Elephant Seismic Detection – Underground

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Ambience: elephant rumble

You remember that classic moment in old Westerns where someone puts their ear to the railroad track and hears the sound of a train in the distance being transmitted through the rails? Well, it looks like elephants might do something similar– hearing far away sounds propagated through the ground. I’m Jim Metzner and this is the Pulse of the Planet.

“Elephants are capable of making several different kinds of vocalizations. The most interesting vocalization in terms of long distance communication is called the rumble.”

Caitlin O’Connell Rodwell studies elephant communication as a research associate at Stanford University. She recorded these sounds of low frequency elephant rumbles.

“What’s interesting about this rumble is that it also propagates in the ground. We’ve measured that as an elephant rumbles, there’s so much energy in this rumble that it couples with the ground and travels along the surface of the ground. And it has physical properties that allow it to travel further than airborne vocalizations, such that if elephants can detect these rumbles in the ground, they could communicate at much further distances than they could in the air.”

Rodwell says that elephants usually make this kind of low frequency call as a warning to other elephants. Now, she and her colleagues have done a number of tests to see if the animals responded the same way to rumbling calls played through the ground, as through the air.

“I had originally recorded these warning call rumbles, to see if you could chase elephants out of farmer’s fields. And then came back this past year and played those same rumbles back through the ground. And watched the elephants responses, at a water hole in the wild. And in fact they did increase their vigilant behaviors. They clumped up into tight clusters, which is a sign of vigilance.”

The question is how do the elephants detect these underground rumbles? We’ll hear about that in future programs. Pulse of the Planet is made possible by the National Science Foundation.

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Elephant Seismic Detection - Underground

If you feel the ground shake, perhaps you'd better do as the elephants do: listen DOWN.
Air Date:09/20/2011
Scientist:
Transcript:

Music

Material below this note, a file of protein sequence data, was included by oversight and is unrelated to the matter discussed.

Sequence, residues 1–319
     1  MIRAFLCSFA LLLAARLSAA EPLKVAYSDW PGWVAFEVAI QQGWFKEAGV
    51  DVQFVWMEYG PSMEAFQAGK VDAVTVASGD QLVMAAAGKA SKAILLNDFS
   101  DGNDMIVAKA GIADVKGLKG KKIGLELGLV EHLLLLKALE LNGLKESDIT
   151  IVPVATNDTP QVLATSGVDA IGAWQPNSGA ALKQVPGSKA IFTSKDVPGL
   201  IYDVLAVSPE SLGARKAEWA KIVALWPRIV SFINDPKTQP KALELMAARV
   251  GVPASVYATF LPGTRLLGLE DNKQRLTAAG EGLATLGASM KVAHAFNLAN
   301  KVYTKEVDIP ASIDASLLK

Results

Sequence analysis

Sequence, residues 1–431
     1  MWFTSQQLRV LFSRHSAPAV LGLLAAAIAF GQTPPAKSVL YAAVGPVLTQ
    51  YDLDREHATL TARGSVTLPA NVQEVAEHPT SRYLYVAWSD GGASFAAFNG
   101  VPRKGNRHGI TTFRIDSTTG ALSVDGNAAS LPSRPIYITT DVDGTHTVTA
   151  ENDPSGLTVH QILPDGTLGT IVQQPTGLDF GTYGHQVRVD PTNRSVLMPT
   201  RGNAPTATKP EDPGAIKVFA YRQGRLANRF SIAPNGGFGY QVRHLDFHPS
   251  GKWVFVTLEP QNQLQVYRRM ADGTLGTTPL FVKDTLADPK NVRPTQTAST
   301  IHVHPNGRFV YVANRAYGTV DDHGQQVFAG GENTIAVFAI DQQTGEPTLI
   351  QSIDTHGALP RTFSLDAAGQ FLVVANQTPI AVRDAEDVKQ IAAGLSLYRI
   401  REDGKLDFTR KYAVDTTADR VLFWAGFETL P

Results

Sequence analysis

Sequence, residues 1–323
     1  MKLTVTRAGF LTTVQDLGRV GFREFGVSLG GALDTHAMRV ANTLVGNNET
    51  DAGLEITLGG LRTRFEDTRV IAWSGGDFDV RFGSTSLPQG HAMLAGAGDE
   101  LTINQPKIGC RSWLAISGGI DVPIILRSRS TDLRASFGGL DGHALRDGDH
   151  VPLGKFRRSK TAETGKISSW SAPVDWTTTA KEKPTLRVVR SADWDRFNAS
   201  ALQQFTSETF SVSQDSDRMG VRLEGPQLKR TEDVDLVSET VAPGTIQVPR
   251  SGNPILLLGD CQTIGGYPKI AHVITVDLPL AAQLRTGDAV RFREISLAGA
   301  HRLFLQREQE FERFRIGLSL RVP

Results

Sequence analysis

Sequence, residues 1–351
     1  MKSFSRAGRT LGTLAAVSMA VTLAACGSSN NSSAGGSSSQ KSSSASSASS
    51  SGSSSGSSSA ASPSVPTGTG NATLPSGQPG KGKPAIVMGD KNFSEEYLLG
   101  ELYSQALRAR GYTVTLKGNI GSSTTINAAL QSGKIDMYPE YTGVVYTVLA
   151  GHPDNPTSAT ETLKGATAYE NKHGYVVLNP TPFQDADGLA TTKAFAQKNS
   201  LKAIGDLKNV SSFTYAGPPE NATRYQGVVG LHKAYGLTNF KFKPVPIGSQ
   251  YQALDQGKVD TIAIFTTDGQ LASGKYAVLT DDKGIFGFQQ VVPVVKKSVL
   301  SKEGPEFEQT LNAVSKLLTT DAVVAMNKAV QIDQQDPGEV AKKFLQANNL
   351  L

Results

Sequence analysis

Ambience: elephant rumble

You remember that classic moment in old Westerns where someone puts their ear to the railroad track and hears the sound of a train in the distance being transmitted through the rails? Well, it looks like elephants might do something similar-- hearing far away sounds propagated through the ground. I'm Jim Metzner and this is the Pulse of the Planet.

"Elephants are capable of making several different kinds of vocalizations. The most interesting vocalization in terms of long distance communication is called the rumble."

Caitlin O'Connell Rodwell studies elephant communication as a research associate at Stanford University. She recorded these sounds of low frequency elephant rumbles.

"What's interesting about this rumble is that it also propagates in the ground. We've measured that as an elephant rumbles, there's so much energy in this rumble that it couples with the ground and travels along the surface of the ground. And it has physical properties that allow it to travel further than airborne vocalizations, such that if elephants can detect these rumbles in the ground, they could communicate at much further distances than they could in the air."

Rodwell says that elephants usually make this kind of low frequency call as a warning to other elephants. Now, she and her colleagues have done a number of tests to see if the animals responded the same way to rumbling calls played through the ground, as through the air.

"I had originally recorded these warning call rumbles, to see if you could chase elephants out of farmer's fields. And then came back this past year and played those same rumbles back through the ground. And watched the elephants responses, at a water hole in the wild. And in fact they did increase their vigilant behaviors. They clumped up into tight clusters, which is a sign of vigilance."

The question is how do the elephants detect these underground rumbles? We'll hear about that in future programs. Pulse of the Planet is made possible by the National Science Foundation.

music